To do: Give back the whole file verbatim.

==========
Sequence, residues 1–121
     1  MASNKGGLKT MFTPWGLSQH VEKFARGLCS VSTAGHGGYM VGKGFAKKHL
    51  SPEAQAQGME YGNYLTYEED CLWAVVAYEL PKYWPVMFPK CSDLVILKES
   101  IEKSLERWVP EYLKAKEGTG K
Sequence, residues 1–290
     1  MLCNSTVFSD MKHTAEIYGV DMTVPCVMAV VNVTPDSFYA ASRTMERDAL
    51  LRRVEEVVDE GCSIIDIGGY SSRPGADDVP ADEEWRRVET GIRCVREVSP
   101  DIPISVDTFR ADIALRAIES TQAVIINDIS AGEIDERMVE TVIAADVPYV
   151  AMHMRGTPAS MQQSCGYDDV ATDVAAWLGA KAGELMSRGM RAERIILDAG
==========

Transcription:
Sequence, residues 1–121
     1  MASNKGGLKT MFTPWGLSQH VEKFARGLCS VSTAGHGGYM VGKGFAKKHL
    51  SPEAQAQGME YGNYLTYEED CLWAVVAYEL PKYWPVMFPK CSDLVILKES
   101  IEKSLERWVP EYLKAKEGTG K
Sequence, residues 1–290
     1  MLCNSTVFSD MKHTAEIYGV DMTVPCVMAV VNVTPDSFYA ASRTMERDAL
    51  LRRVEEVVDE GCSIIDIGGY SSRPGADDVP ADEEWRRVET GIRCVREVSP
   101  DIPISVDTFR ADIALRAIES TQAVIINDIS AGEIDERMVE TVIAADVPYV
   151  AMHMRGTPAS MQQSCGYDDV ATDVAAWLGA KAGELMSRGM RAERIILDAG